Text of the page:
Benefit in Hepatocellular Carcinoma
    • Abstract: Background and Aims: Assessing treatment responses in hepatocellular carcinoma (HCC) is challenging, and alternative radiologic methods of measuring treatment response are required. Modified Response Evaluation Criteria in Solid Tumors (mRECIST) for HCC and alpha-fetoprotein (AFP) levels were assessed in a post hoc analysis of a phase II study of brivanib, a selective dual inhibitor of fibroblast growth factor and vascular endothelial growth factor signaling. Methods: HCC patients were treated with first-line (cohort A; n = 55) or second-line (cohort B; n = 46) brivanib alaninate 800 mg once daily. Outcomes were compared between World Health Organization (WHO) criteria and (retrospectively by) mRECIST by independent review. The relationship between on-study AFP changes and outcome was analyzed in patients with elevated AFP at baseline. Results: Response rates were higher with mRECIST versus WHO criteria in cohorts A (25.5% vs. 7.3%) and B (10.9% vs. 4.3%). Progressive disease (PD) as assessed by mRECIST was associated with a very short median overall survival (OS; cohort A, 2.8 months; cohort B, 5.3 months); PD as assessed by WHO criteria reflected a mixed population of patients with better outcomes. mRECIST responders tended to have a>50% AFP decrease during therapy. In cohorts A and B pooled, an early AFP response (>20%or >50% decline from baseline within the first 4 weeks) was not associated with longer median OS. Conclusions: Tumor response as assessed by mRECIST differed from that by WHO criteria, with mRECIST possibly identifying true nonresponders with a poor prognosis. Many patients had AFP decreases correlating with tumor shrinkage, yet an association with long-term benefit was unclear. mRECIST and on-treatment AFP levels are being explored further with brivanib in HCC. © 2014 S. Karger AG, Basel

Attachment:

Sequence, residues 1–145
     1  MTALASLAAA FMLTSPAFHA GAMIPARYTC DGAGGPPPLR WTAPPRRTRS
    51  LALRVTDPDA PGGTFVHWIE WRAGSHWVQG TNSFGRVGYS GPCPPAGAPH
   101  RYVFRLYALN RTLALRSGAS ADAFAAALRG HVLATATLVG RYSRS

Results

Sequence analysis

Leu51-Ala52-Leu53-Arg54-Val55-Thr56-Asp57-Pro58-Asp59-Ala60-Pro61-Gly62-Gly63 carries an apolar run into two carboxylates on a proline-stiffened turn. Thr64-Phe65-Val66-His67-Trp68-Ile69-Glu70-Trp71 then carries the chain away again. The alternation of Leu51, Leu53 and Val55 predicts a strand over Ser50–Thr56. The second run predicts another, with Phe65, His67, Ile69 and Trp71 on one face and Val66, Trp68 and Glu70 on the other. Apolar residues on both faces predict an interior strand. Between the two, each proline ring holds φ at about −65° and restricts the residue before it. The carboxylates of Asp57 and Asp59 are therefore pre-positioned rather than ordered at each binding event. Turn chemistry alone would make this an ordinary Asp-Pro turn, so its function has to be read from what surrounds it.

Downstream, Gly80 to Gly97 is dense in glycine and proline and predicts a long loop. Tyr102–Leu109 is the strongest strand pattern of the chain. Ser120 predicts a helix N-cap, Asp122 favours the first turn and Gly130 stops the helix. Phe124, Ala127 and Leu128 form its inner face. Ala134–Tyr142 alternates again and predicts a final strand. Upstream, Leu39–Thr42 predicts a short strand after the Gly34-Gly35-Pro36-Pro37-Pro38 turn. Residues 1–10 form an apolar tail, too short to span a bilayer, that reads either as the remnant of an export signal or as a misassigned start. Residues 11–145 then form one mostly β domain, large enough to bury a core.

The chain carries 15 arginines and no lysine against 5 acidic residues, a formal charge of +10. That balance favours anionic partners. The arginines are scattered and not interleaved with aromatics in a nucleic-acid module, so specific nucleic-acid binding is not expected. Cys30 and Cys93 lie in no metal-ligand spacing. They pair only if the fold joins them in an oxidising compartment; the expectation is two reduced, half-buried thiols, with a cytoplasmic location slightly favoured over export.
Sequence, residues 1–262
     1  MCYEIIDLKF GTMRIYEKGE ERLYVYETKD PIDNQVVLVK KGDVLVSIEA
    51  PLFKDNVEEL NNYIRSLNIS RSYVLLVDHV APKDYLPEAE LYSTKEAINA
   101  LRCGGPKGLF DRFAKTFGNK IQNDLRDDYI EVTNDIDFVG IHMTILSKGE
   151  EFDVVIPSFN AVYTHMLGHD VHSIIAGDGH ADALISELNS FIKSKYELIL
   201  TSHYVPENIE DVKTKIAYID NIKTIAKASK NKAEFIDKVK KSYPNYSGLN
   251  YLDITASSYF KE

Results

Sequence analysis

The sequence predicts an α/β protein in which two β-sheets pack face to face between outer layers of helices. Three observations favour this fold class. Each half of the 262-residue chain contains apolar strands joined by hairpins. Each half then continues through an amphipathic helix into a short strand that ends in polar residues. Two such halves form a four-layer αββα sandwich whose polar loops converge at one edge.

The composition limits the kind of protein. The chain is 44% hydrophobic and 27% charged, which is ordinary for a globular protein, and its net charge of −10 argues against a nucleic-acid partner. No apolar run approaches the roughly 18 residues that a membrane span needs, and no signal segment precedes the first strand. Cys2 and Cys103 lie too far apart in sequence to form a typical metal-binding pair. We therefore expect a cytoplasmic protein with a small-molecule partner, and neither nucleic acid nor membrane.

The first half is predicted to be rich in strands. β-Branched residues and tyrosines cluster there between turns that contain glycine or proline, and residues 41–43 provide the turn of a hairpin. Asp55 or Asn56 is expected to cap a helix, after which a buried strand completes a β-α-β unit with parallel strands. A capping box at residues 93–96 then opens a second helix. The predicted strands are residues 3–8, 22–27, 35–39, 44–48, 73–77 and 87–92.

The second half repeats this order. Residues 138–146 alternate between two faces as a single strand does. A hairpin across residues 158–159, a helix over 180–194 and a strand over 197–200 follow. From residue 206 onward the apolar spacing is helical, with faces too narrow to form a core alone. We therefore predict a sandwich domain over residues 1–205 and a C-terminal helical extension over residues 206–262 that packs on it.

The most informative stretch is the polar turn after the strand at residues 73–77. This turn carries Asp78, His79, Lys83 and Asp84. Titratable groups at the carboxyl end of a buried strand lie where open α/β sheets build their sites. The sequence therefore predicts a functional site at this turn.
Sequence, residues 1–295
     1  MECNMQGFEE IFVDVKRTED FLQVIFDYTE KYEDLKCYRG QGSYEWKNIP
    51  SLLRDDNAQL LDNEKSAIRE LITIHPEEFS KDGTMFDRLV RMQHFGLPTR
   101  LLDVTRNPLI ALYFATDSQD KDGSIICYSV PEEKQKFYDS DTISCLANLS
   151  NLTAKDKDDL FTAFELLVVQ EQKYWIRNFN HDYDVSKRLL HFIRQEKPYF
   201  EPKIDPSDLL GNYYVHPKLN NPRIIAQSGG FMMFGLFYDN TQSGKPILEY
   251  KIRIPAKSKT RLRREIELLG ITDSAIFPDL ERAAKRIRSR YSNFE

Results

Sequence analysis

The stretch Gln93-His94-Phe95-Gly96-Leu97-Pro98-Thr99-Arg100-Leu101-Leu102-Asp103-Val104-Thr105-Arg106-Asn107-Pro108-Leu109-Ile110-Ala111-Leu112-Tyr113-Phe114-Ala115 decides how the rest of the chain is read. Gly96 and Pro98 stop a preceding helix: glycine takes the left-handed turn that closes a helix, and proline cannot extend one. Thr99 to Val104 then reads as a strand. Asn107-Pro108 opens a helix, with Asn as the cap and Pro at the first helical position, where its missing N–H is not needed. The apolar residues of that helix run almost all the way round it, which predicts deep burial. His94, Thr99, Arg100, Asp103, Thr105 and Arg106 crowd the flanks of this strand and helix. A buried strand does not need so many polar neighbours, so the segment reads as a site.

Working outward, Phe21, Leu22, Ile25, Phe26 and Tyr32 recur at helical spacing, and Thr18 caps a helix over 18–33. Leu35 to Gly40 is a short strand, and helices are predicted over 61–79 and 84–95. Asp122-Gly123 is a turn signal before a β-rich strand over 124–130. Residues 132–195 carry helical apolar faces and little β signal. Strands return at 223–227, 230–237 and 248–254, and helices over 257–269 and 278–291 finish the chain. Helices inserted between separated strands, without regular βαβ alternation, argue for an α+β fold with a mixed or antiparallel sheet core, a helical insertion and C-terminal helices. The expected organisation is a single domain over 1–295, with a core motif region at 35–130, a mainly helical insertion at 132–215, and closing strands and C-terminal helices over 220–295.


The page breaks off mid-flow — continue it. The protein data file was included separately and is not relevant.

Liver Cancer 2014;3:439-450
       
  • Management of Hepatocellular Carcinoma in Cirrhotic Patients with Portal
           Hypertension: Relevance of Hagen-Poiseuille's Law